September is National Yoga Month—a
great time to talk about the newfound benefits of this age-old practice. You
probably know that yoga helps keep your body strong and flexible. But what you
might not realize is that it helps keep
your mind fit and healthy, too.
There are many different styles of yoga, but most involve
some combination of physical postures, controlled breathing, and meditation. Studies
suggest that yoga can be an excellent stress buster and mood booster. Here’s a
look at the latest research findings.
Yoga may help rebalance the autonomic nervous system,
according to a recent
article in Medical Hypotheses.
The autonomic nervous system is part of the nervous system that controls
involuntary body functions, such as breathing, circulation, and digestion. It’s
comprised of two opposing sets of nerves: sympathetic and parasympathetic. When
you’re stressed, the sympathetic branch is revved up, and the parasympathetic branch
is tamped down.
Low parasympathetic activity has also been linked to
depression and post-traumatic stress disorder (PTSD). The article authors—led
by psychiatry professor Chris Streeter, MD, at Boson University—argue that one
way yoga helps fight these disorders is by increasing parasympathetic activity.
GABA is a brain chemical that helps regulate nerve activity.
Low GABA levels are another hallmark of depression, PTSD, and other anxiety
disorders. In fact, drugs for treating these disorders may work partly by increasing
GABA activity. It turns out that yoga may do much the same thing.
In an earlier study led by
Streeter, healthy volunteers either practiced yoga or walked three times a
week for 12 weeks. Yoga led to greater improvements in mood and anxiety. And those
improvements were associated with increased GABA levels in the yoga group.
Reaching Across the
Yoga seems to have mental health benefits for people of all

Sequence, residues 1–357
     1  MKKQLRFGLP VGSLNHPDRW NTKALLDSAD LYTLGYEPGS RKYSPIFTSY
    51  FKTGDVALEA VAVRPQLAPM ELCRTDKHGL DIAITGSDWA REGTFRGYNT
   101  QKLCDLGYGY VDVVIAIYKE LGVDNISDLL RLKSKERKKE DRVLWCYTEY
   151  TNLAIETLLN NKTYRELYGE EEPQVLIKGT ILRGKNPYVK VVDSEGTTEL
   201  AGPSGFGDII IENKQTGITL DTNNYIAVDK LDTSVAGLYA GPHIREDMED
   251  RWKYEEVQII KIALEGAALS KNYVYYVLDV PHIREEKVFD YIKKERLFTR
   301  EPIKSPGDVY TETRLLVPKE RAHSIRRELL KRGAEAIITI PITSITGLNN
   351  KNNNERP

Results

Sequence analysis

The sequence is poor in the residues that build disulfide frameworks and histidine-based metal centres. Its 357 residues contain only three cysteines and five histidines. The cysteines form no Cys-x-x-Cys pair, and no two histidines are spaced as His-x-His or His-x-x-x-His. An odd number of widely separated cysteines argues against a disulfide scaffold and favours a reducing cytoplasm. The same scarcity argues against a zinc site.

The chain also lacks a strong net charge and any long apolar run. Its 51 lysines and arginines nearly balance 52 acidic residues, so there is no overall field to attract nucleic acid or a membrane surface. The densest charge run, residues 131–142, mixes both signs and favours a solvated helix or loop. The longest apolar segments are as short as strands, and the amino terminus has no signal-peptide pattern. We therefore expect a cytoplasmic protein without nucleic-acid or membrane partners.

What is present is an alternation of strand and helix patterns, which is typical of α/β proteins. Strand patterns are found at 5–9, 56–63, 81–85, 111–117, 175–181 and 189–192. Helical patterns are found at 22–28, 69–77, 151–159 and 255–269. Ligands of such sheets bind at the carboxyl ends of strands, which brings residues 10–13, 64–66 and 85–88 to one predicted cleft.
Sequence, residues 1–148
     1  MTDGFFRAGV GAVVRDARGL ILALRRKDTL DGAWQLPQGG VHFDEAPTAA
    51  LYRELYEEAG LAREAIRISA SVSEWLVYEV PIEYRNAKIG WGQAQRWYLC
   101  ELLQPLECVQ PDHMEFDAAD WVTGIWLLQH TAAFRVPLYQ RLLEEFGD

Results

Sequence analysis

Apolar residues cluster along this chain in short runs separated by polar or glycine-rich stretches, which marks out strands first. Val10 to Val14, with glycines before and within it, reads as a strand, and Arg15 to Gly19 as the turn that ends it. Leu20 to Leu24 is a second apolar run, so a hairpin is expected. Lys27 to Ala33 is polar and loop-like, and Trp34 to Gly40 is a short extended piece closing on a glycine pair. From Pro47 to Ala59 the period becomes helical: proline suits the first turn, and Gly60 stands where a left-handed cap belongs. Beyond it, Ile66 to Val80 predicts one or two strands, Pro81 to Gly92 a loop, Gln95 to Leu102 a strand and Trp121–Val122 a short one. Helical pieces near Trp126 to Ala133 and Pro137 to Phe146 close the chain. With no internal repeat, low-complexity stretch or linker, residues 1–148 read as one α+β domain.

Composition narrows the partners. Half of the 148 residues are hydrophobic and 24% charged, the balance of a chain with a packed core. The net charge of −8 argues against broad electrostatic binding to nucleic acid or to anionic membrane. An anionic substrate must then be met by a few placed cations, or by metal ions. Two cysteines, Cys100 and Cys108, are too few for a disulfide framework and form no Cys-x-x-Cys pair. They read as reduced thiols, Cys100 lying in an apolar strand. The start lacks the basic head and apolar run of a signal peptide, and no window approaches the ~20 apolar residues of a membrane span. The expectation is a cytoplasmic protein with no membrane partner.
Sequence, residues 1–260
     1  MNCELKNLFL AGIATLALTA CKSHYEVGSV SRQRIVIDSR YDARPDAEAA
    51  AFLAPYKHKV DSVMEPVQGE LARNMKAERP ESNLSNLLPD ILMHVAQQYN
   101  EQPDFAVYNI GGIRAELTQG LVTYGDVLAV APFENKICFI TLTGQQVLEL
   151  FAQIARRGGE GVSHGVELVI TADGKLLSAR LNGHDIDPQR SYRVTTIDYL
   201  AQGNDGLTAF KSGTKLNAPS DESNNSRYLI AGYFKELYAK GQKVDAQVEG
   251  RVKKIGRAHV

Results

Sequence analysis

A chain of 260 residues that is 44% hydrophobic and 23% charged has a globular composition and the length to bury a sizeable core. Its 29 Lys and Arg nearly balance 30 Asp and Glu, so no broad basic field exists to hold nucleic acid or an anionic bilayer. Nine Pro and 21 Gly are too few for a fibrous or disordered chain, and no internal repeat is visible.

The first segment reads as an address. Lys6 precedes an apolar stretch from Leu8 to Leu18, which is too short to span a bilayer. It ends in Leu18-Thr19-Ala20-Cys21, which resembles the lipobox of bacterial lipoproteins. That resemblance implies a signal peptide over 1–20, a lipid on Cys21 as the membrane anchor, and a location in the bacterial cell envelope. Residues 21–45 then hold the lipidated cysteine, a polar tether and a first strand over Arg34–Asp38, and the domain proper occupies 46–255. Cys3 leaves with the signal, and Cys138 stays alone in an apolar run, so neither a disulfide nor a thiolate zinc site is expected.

A recent study from Harvard Medical School compared
a yoga class to a regular PE class for high school students.
During the 10 weeks of the study, the mood of those in the yoga group brightened.
In contrast, the mood of the PE students got worse. Many mental health problems
first crop up during the teen years, so a more upbeat mood may be especially
A small study from the University of Michigan
looked at the pluses of prenatal yoga for pregnant
women. All the participants were considered at risk due to elevated scores
on a depression screening test. After 10 weeks of yoga, their depression
symptoms were reduced—especially encouraging in light of the fact that many
women worry about taking antidepressants during pregnancy. The women also
reported feeling more emotionally attached to their babies in the womb, a
wonderful side benefit of a more positive mood.
UCLA researchers studied a particular form of
yoga meditation, called Kirtan Kriya, in family caregivers who
were looking after someone with dementia. The caregivers, who ranged in age
from 45 to 91, had lower levels of depression symptoms after eight weeks of practicing
yoga meditation for 12 minutes a day, compared to relaxing with music. They
also showed improvements in overall mental function and attention.